Last month, I made the long-overdue upgrade from my old Nikon D40 (now discontinued) to a Nikon D700. My bank account felt anorexic after the purchase; I, on the other hand, felt invincible. It was a much-needed change and I hope the new gear will accompany me through some exciting developments in the future, but I don’t want to put away my old camera without a proper goodbye.
I bought the D40 more than five years ago. I was in 16; it took me 6 months to save enough money for my first DSLR. Unfortunately, I outgrew this camera within the first 8 months but I didn’t have enough money for a new camera; for the next few years, I invested in lenses and other equipment instead. So whenever I told other photographers the model of my little camera, they were shocked that I was still using the D40, which is not considered professional grade camera. While I sometimes felt the limitations of the D40, most of the time, and especially with the right lens, it served me just fine.
In the last 5 years, the old D40 has travelled with me to 3 continents, 25 countries, and survived all sorts of poor weather conditions. It got me my first paid photography gig, my first shoot with agency-signed models, and produced my first published works. Although it’s a little scratched up and it’s shutter count has long been overshot, I can’t help but feel a little nostalgic about putting it away – some of my favorite photos were taken with the D40.
But, there is a catch here.
I’m not writing this to blog about my old camera or my new camera, because it’s really not about the gear at all. A camera does not a photographer make. Nor does the lens or the lighting. The right equipment can definitely help, but there are some brilliant photographers out there who use what some people would overlook as “professional” equipment. Rosie Hardy uses Gimp instead of Photoshop to process her photos. Anna Theodora shoots with a Canon Rebel. In fact, some of you probably use more expensive equipment than these two talented ladies do, but both of them are able to work with the resources they have to produce stunning images.
Cameras are so accessible now that almost everyone I know who can afford a DSLR is calling themselves photographers. I love that photography has become popular, but when I’m making images, it’s still good to remind myself that it’s not the camera, but the person behind the lens that defines the image.
Here are some of my favourite memories with the D40…
Love, love, loove the 2nd pic! And great post!! You really reminded me about the meaning of photography again and to not get lost in the wave of all the new technology that continuously tells us to upgrade! I'm still shooting with my canon rebel and often feel weighed down by it, but you're right–if I can take the pictures I strive to take, it shouldn't matter what camera I have!!
What a great point of view! I have followed your blog for a while. You are a very smart and talented young lady!!!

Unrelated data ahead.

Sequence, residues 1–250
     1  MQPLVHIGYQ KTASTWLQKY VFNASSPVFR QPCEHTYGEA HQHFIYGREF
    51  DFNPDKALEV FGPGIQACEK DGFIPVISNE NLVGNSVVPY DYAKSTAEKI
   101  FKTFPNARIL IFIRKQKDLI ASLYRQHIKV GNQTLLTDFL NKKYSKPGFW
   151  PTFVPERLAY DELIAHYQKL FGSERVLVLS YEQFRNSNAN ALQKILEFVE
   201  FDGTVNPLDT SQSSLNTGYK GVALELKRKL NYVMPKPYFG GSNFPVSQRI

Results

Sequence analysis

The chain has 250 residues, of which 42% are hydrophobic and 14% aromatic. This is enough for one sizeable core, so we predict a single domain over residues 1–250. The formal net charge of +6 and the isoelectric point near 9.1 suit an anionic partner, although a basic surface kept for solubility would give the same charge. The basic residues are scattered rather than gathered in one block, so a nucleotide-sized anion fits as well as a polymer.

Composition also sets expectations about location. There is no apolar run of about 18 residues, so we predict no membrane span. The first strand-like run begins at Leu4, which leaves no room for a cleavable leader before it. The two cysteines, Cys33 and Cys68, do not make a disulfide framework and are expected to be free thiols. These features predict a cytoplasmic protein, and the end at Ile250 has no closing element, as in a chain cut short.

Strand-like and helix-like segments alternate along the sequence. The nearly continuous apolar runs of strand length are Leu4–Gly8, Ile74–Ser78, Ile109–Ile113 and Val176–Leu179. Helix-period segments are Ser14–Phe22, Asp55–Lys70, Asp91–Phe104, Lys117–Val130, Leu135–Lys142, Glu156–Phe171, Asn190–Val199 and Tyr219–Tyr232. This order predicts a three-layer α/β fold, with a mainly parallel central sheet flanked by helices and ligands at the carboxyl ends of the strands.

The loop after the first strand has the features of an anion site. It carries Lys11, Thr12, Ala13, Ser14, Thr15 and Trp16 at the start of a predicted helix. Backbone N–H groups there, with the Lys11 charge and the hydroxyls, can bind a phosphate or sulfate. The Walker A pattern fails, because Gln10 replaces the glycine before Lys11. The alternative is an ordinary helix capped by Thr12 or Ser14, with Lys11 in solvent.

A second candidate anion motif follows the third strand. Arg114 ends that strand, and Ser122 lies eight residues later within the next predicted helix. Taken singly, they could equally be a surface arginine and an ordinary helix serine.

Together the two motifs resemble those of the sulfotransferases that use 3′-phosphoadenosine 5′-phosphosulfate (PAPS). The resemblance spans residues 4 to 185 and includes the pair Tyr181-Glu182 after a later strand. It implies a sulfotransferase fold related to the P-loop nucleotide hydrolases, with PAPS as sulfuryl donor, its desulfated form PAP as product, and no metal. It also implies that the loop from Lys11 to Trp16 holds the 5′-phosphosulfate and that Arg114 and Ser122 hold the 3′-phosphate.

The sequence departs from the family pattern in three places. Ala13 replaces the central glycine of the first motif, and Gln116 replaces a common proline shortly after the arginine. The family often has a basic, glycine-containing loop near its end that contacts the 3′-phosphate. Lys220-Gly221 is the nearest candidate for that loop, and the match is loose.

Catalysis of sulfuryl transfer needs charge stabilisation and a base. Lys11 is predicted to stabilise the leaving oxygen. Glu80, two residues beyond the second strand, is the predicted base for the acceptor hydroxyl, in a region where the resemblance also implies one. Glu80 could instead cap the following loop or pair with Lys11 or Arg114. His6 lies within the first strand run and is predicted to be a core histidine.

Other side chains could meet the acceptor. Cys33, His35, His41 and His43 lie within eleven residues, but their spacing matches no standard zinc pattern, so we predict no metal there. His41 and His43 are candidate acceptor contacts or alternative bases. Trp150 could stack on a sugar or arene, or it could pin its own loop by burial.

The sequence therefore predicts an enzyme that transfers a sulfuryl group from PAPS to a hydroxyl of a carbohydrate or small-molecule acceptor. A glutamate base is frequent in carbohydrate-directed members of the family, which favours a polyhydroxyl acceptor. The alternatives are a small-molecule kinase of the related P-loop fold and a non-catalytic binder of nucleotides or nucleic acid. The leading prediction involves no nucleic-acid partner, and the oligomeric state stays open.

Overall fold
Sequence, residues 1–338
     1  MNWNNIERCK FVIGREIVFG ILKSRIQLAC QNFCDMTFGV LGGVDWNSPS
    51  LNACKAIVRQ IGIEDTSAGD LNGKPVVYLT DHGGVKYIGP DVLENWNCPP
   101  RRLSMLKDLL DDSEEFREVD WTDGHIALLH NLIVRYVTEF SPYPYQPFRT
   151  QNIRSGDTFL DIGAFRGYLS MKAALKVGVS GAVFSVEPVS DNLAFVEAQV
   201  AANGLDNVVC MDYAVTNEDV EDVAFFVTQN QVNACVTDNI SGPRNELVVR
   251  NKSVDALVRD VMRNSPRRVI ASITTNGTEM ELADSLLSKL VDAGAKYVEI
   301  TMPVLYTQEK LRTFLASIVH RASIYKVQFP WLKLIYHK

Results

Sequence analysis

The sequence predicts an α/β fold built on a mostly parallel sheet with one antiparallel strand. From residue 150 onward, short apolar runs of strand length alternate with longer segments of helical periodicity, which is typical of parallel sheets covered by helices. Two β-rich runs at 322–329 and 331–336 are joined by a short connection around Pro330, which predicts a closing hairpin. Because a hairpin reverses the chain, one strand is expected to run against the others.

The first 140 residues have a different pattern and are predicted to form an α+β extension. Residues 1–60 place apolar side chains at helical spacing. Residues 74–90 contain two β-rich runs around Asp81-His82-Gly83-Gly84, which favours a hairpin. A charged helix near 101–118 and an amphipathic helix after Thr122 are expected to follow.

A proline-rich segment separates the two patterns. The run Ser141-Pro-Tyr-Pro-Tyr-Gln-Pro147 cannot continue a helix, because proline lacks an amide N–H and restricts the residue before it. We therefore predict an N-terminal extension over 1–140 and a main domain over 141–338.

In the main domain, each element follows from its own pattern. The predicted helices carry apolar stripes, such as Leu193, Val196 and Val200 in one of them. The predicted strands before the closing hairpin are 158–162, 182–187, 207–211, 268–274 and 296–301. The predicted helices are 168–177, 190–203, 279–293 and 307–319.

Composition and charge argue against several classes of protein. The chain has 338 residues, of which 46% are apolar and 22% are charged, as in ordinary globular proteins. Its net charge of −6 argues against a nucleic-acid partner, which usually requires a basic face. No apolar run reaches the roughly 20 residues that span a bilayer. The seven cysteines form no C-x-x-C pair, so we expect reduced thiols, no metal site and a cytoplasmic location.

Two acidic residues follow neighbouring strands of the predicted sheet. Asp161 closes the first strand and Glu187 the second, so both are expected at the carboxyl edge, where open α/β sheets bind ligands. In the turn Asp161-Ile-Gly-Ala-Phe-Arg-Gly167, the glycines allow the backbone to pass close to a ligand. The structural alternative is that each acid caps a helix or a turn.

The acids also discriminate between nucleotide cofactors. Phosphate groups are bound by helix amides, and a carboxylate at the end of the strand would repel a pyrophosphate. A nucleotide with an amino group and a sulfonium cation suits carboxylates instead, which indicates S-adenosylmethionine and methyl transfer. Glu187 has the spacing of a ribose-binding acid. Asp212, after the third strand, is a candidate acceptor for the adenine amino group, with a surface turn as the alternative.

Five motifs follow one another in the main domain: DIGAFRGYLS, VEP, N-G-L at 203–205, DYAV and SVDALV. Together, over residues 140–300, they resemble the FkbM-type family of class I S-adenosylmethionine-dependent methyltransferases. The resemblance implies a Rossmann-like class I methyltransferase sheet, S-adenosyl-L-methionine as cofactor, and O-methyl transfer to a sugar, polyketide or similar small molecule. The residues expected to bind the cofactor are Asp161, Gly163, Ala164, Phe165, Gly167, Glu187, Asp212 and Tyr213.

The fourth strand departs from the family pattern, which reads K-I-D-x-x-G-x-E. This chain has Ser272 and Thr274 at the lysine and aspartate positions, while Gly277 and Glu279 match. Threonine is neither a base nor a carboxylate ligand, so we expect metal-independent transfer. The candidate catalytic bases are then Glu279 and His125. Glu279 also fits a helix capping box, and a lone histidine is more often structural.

I like this post – not only for the fine D40 series – but also because I am saving money for a good DSLR. Right now I use a Panasonic Lumix DMC FZ8 (!!!!). I do not know if I'm going for Nikon or Canon – or which models – so I will read your experiences with D700 with great interest 🙂
love the pics specially the church!
I feel like you're talking about me minus the amazing adventures/travels and glamour shoots haha.
I also own a D40 (still using it right now after like 5 years), saved up for it, and havent been able to upgrade to a better purchase as of late.
But yes, onto your post… I couldn't agree more. I personally agree to the fact that it's all about the eye of the artist themselves and not because of their equipment. I mean it does help sometimes, but I think way too many people think that a camera is the main component behind an amazingly captured / composed photograph. I hear “omg those pictures are so nice, I wonder what camera he/she used” followed by a “I wished I had their camera!” way too often, and while it always irks me, I guess there's not much I can do but to keep my mouth shut, and my eyes opened and keep shooting.
Love your photos by the way!
I'm also still using a D40 and was considering upgrading.
Your article and photos really changed my mind.
Can you tell when what lenses you used for the photos?
All the travel ones are shot with my kit and the portraits are done with a 50mm. Hope that helps!
I love this post! I shoot with the D60, and I still love it. It is true that I could probably upgrade, but I'm still taking amazing photos with it. The only limitations I have found are with the auto-focus feature being compatible with only some lenses.
Really awesome post!! 🙂
[…] I have been getting a lot of questions about what gear I use. In reality, it’s probably a lot more basic than what some people thought. Great gear is always nice, but I do believe the photographer creates the vision behind an image. […]